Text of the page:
Nairobi, April 20, RMS Titanic has been a subject of fascination since its unfortunate crash and sinking in the wee hours of April 15, 1912. Greater interest arose in 1985 when the wreckage was discovered. The ship was on its maiden voyage on that fateful night when the sea swallowed it to the depths of its floor.
Whereas less than 200 people have been to the final resting place of RMS Titanic, Renata Rojas a 49-year-old New York banker and diving enthusiast may fulfill her childhood dreams. Rojas plans to visit the wreck of the famed shipwreck and has painstakingly saved monies to see her dream come true. It will cost her an estimated $105,000 to pay homage to the now protected historical site.
OceanGate Expeditions is set to begin a series of deep sea trips to the RMS Titanic shipwreck beginning May 2018. The great depths have limited human explorations since only specialized submarines can withstand the hydro-pressure at the ocean floor, precisely 12,600 feet below the surface.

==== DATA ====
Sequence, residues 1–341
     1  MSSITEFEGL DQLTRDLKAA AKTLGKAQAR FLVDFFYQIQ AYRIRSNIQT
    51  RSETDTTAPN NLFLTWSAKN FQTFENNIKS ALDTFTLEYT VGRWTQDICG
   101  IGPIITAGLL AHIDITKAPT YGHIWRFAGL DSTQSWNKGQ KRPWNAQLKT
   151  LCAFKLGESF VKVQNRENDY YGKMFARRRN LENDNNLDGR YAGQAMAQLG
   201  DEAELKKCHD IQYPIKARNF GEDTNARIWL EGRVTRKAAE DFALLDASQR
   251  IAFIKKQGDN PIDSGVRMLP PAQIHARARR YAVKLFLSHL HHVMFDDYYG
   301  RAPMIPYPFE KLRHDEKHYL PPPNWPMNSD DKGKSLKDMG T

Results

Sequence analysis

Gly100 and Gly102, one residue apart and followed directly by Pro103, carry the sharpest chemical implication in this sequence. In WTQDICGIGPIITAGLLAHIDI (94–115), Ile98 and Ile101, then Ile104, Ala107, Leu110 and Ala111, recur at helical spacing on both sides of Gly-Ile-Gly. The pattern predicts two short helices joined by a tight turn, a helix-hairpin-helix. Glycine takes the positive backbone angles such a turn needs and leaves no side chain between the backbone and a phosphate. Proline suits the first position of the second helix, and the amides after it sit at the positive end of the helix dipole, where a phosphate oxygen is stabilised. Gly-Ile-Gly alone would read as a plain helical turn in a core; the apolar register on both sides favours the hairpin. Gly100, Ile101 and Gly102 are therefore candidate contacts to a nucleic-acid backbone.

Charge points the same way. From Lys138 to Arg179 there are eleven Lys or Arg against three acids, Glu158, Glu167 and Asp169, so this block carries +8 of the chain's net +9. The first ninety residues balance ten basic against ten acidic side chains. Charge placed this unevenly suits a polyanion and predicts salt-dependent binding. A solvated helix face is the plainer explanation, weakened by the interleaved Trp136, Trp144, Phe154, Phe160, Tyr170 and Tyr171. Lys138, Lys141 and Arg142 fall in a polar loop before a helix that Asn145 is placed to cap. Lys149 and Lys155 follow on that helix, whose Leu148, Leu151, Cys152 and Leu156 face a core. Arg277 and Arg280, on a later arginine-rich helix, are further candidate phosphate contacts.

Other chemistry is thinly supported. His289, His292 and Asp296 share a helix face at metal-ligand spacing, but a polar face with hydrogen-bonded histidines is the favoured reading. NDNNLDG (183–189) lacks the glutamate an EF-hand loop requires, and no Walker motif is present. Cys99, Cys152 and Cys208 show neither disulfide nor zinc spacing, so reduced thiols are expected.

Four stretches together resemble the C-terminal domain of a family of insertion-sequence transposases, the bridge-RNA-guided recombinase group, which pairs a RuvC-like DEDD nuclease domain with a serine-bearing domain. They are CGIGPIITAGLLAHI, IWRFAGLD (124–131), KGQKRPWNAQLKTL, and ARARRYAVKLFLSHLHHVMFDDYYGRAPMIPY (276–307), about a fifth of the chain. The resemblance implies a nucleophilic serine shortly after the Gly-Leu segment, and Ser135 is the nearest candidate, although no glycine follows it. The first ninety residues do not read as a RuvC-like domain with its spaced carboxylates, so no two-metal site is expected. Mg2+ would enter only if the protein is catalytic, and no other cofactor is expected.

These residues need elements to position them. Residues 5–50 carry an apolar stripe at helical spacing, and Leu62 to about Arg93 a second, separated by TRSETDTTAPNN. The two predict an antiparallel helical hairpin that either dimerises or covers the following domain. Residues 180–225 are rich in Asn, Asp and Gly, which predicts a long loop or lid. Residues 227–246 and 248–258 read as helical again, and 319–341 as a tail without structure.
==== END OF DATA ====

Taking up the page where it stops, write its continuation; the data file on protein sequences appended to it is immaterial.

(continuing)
The soft furnishings may have long given away to decay and the salty waters may have slowly corroded the unbendable steel. Over 1,160 bodies may remain lost in the belly of the ocean. However, humanity has stubbornly held onto the memories of what is termed as “worst marine disaster of our time” that followed a collision with an iceberg.
RMS Titanic is immortalized in a variety of art items with James Cameron’s 1997 film Titanic being the most recognizable. The 1958 film A Night to Remember, however, is considered a more realistic portrayal of the events of that night.
It is estimated that over 1,500 people lost their lives in the chilly waters of the Atlantic Ocean that night. Among those who perished was the ship’s captain Edward Smith, members of the crew and passengers from all walks of life. Notably, 710 people survived the peril mostly by escaping aboard collapsible lifeboats. These survivors lived to tell the horrors at the sea of what would otherwise have been an incredible maiden voyage of the majestic RMS Titanic.